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ple in those times pressed to hear the Word of God read is very interesting. We have the following account in “ Gilpin's Life of Archbishop Cranmer.”

"The Bible, through the means of Lord Essex, was licensed by the King, and fixed in all parochial Churches. The ardoor with which men flocked to read it is incredible: they who could, purchased it, and they who could not, crowded to read it, or to hear it read in Churches, where it was common to see little assemblies of mechanics meeting together for that purpose after the labour of the day. Many even learned to read in their old age, that they might have the pleasure of instructing themselves in the Scriptures. Mr. Fox mentions two apprentices who joined, each his little stock, and bought a Bible, which at every interval of leisure they read; but being afraid of their master, who was a zealous Papist, they kept it under the straw of their bed. Such was the extacy of joy with which this blessing was received at that time, when it was difficult to be bad."

Surely this account may well shame many of us, who will let this treasure lie unopened on their shelves from week to week, as if the mere possession of a Bible would take them to Heaven. I have often thought how wonderful it is, that when tlie merciful God condescends to give us a book to tell us what He is, and what we are, and how sin may be pardoned, and eternal life attained, we should care so little about making ourselves acquainted with it. What would á father or a master say, if his children or servants neglected to read the letters he addressed to them? Would he allow them to plead this neg. lect as an excuse for their inattention to the admonitions contained in them? “If God then be a father, wbere is his honour ? and if he be a master, where is his fear ?". .

I have sometimes in my own mind set down this neglect of the Scriptures to four eauses : Ist. Peo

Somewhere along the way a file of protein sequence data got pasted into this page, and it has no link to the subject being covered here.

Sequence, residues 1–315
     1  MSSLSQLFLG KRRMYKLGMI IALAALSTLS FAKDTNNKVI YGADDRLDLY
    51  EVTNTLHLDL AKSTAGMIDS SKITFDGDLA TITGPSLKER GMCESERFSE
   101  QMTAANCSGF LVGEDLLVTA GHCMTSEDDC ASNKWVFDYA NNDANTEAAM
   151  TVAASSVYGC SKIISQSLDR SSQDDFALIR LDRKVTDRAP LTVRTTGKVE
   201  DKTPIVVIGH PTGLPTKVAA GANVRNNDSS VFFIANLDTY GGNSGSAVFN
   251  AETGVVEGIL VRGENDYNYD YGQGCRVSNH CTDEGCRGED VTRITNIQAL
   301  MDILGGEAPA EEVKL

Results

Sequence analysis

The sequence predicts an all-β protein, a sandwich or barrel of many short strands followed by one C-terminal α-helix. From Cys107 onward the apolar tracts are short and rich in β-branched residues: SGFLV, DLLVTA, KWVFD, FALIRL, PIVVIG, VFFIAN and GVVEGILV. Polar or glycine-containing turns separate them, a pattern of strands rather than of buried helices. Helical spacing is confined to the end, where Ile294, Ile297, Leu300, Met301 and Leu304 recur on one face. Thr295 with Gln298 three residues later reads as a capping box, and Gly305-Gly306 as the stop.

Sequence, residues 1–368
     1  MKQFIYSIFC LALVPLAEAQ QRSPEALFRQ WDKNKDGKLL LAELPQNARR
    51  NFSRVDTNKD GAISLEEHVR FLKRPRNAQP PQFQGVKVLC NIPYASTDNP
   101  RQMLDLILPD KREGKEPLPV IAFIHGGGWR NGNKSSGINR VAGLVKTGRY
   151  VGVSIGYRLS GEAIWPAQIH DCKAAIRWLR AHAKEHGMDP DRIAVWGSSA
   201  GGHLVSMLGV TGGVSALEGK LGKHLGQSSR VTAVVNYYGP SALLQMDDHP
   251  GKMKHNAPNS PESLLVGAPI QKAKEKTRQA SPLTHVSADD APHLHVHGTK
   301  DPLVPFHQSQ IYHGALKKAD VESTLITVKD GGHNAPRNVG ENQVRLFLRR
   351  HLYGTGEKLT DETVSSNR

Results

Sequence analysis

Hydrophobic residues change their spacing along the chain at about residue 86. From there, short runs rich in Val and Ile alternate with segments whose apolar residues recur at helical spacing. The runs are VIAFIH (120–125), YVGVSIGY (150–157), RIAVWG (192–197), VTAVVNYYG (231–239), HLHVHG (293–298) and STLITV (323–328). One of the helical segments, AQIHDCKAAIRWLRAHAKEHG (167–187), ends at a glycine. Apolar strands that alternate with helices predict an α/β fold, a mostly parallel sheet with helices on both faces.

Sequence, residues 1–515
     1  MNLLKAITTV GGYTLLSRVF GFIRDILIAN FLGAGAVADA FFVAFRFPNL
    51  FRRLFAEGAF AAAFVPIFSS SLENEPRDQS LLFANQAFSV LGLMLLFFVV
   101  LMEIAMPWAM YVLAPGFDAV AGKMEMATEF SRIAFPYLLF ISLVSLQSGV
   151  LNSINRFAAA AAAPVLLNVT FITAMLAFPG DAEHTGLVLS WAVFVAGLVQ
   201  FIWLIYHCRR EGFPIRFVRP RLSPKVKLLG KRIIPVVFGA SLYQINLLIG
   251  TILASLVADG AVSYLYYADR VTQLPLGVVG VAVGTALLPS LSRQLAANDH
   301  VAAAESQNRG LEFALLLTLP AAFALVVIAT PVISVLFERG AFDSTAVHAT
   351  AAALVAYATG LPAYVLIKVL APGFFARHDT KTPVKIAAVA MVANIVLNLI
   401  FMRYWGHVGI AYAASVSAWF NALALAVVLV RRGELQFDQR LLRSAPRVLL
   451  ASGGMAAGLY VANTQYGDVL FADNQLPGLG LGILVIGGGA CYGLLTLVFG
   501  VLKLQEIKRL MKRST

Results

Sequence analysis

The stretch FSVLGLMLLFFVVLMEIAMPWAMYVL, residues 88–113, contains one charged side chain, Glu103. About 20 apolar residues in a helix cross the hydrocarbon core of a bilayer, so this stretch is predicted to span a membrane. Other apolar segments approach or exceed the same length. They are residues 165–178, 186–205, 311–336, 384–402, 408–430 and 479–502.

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ple do not really believe the danger their souls are in on account of sin, and therefore do not care to take the pains of learning how they may be saved. 2ndly. If they do believe it, they are not thoroughly persuaded that the Bible is able to make them wise unto salvation. 3dly. The Bible is such a large book, that they despair of ever becoming tolerably acquainted with its contents, especially as they do not find themselves much wiser for what they have read; because, 4thly. when they do read it, they do not read it profitably. They take it up, and opening it at random, read a chapter or two; then shut it up for a week, and read a chapter in another part. Įs. it to be wondered at, that people do not get much instruction when they read in this manner? Suppose you were to receive a letter on business, and were to open it and say, “ Well, this is a very long letter,” and were to read a few sentences, and then shut it up and put it in your pocket, and, say: “Well, I have not time to make out any more now;" and the next time were to open it and read a little towards the end; and the next time look at the middle.- Do yon think you should have a very clear idea of its contents ? And yet this is the way in which many read the Bible, and then wonder they seem to get no good from it. I see you have got a nice new Bible on your shelf, though it does not seem as if it had been much read yet. Suppose we read a chapter together now and then, and as I would wish to aet agreeably to my own advice, let us take the first chapter of the first book in the Bible.

We may however first remark that the whole of the Old Testament was written before Jesus Christ came upon earth *, and tite New Testament a short time after his death : they both speak of Him; but,

* Jesus Christ was born of the Virgin Mary 1821 ycars ago; and from the Creation to the birth of Christ was! period of 4000 years.

as the Old Testament speaks of Him in Types and Prophecies, it is not in so clear and plain a manner as the New. The Old Testament was first written in Hebrew, which was the language of the Jews.

The word “Genesis” is a Hebrew word, and signi. fies “the beginning." The first Chapter of Genesis gives the only true account we have of the Creation of the World. The first Verse* sums up, as it were, the contents of the Chapter. It tells us that, “ in the beginning, God” the self existent Jehovah in Three Persons; “ created the heaven and the earth."-To create, means to produce out of nothing. If you or I wanted to make any thing, we must have wherewith to make it; but so astonishing is the power of God, that he produced the very materials of which this world was formed, and he did all this with a word. "By the word of the Lord were the heavens framed, and all the host of them by the breath of his mouth." v. 2." And the earth was without form and void," (that is, without shape and empty) "and darkness was upon the face of the deep." This verse gives us the idea, that the materials of which the earth is made, were at first confusedly thrown together, and were only by degrees brought into a state of order and beauty, and fitted for the habitation of animals and men.